Hard Time Marrying Part 19

img_1599Upon Emma’s reference to pregnancy, Anya was so shocked she knocked her coffee over.  It ran off the table onto little Sally’s blonde curls.  Sally howled and both women jumped to see to her.  She wailed, but fortunately her face wasn’t even pink.  The next few minutes were full of mopping her up and changing her clothes.  By the time they’d finished, Rufus had stepped to the door and called Emma to go.  Anya composed herself enough to make her goodbyes, promising to ride over with Joe in a few days.

Sick with dread, Anya settled to rock Sally to sleep and consider Emma’s observation.        She couldn’t remember the last time she’d had the curse.  She hadn’t had to wash rags since she’d been here and didn’t know how long before that.  The abuse she’d endured before escaping and her confusion from her injuries had left her disoriented. The time had all run together.  It was true she’d put on a little weight, but pregnancy had never crossed her mind.  Her hand flew to her belly when she felt an undeniable swelling and her full breasts pushed against the bodice of the dress she’d taken from the store of things in the bundle Joe’s wife had brought with her.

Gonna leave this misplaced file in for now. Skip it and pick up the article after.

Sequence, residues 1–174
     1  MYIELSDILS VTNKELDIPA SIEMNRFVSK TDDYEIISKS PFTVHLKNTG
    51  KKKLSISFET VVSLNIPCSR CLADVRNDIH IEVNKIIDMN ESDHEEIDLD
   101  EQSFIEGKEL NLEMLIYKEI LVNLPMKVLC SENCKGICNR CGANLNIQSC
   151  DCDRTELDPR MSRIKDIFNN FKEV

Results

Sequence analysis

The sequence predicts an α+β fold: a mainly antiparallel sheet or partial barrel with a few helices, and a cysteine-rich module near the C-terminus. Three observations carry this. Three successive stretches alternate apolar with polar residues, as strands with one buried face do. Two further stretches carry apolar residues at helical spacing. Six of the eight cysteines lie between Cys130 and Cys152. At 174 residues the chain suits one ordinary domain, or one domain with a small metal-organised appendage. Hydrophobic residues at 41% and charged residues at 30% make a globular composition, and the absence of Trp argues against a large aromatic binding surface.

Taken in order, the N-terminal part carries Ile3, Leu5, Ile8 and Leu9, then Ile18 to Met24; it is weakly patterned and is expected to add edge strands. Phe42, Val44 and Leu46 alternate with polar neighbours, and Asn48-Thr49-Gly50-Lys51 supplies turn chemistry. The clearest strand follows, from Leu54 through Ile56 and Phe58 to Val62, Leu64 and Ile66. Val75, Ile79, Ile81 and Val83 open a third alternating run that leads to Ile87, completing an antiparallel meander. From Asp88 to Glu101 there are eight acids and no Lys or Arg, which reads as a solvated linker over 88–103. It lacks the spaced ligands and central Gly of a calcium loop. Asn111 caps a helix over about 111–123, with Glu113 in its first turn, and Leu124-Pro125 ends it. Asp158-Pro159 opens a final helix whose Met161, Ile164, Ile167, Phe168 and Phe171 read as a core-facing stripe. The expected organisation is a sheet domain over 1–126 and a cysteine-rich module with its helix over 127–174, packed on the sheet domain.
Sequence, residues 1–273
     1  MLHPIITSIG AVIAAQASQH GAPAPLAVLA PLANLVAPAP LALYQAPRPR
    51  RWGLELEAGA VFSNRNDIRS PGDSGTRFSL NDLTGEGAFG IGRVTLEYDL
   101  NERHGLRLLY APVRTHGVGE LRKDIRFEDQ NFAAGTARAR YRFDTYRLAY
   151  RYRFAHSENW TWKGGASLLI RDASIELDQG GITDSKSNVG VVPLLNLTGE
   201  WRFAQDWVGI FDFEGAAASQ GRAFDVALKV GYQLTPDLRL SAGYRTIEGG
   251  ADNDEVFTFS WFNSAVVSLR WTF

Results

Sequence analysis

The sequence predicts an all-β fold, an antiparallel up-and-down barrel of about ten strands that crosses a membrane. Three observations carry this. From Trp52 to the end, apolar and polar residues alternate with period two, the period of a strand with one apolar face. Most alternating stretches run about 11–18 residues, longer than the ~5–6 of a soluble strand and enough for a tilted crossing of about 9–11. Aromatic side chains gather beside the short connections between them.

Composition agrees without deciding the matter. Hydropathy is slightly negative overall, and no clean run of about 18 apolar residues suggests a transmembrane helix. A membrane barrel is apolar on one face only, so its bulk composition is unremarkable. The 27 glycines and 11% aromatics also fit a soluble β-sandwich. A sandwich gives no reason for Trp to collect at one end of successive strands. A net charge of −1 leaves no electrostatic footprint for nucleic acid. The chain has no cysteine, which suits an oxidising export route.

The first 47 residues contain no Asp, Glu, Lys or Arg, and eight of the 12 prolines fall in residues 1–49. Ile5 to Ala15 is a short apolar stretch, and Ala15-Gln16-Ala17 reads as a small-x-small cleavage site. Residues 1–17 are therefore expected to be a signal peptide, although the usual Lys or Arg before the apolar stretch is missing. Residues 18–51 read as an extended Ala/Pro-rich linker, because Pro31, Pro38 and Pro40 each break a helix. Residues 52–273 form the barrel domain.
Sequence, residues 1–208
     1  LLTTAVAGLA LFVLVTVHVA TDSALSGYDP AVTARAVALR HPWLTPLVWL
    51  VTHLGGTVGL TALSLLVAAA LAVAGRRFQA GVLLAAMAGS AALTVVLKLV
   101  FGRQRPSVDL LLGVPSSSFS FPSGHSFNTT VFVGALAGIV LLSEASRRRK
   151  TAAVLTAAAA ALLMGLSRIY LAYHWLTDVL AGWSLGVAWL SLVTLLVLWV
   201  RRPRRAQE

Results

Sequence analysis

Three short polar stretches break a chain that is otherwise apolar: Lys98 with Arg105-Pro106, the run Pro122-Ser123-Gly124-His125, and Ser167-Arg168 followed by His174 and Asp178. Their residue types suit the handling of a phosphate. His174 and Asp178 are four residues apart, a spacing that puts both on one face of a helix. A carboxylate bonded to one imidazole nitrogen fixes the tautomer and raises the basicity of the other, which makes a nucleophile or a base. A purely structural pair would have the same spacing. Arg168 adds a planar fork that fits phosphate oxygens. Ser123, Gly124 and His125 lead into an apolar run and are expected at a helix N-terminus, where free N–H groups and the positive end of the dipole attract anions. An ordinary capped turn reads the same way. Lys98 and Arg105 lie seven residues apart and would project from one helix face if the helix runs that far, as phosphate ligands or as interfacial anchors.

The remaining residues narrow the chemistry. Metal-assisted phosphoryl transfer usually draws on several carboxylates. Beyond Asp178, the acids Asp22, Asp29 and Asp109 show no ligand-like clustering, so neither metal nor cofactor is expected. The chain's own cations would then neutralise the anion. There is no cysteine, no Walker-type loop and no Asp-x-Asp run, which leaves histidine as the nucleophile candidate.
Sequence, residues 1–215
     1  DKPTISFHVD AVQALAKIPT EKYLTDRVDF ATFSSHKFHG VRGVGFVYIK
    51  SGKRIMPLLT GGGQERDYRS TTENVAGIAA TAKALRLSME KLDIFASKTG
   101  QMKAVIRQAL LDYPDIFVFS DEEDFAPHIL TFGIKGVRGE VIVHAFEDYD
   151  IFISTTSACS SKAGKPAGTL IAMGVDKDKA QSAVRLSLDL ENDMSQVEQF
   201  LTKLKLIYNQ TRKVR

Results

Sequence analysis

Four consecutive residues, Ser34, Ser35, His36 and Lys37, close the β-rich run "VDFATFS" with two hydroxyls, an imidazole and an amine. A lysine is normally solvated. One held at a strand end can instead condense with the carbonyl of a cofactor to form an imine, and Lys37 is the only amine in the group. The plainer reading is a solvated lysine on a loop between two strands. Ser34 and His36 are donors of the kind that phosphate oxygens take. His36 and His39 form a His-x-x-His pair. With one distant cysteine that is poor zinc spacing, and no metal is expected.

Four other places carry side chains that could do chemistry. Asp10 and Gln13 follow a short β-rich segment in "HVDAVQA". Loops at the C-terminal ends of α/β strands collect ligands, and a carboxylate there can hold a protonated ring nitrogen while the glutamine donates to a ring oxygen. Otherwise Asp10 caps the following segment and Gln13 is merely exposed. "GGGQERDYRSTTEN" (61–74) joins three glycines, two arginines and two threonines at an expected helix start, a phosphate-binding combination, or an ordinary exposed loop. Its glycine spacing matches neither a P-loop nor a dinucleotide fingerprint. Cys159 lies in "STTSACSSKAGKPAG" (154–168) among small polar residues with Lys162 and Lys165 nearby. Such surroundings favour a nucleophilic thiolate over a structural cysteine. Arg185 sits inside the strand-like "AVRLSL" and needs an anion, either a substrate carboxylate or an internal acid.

Would this nightmare never end?  Just when it looked as though life might work out, this horror raised its head.  And all this after she’d insisted she wasn’t a whore!  Joe had already been saddled with two children from his dead wife and had tried to pass them off to the townspeople, only to be turned away.  She’d thought she’d never want to be a wife till this terrible turn and now realized a life with Joe and the children would have been precious.  Silent tears ran down her cheeks onto Sweet Sally’s sleepy head.

Joe and came in from outdoors to the tender sight of Anya rocking the baby in the light streaming through the window.  Little Joe ran to her for a hug.  Joe’s heart swelled with love for his family.  Life was turning around for him after all his years alone.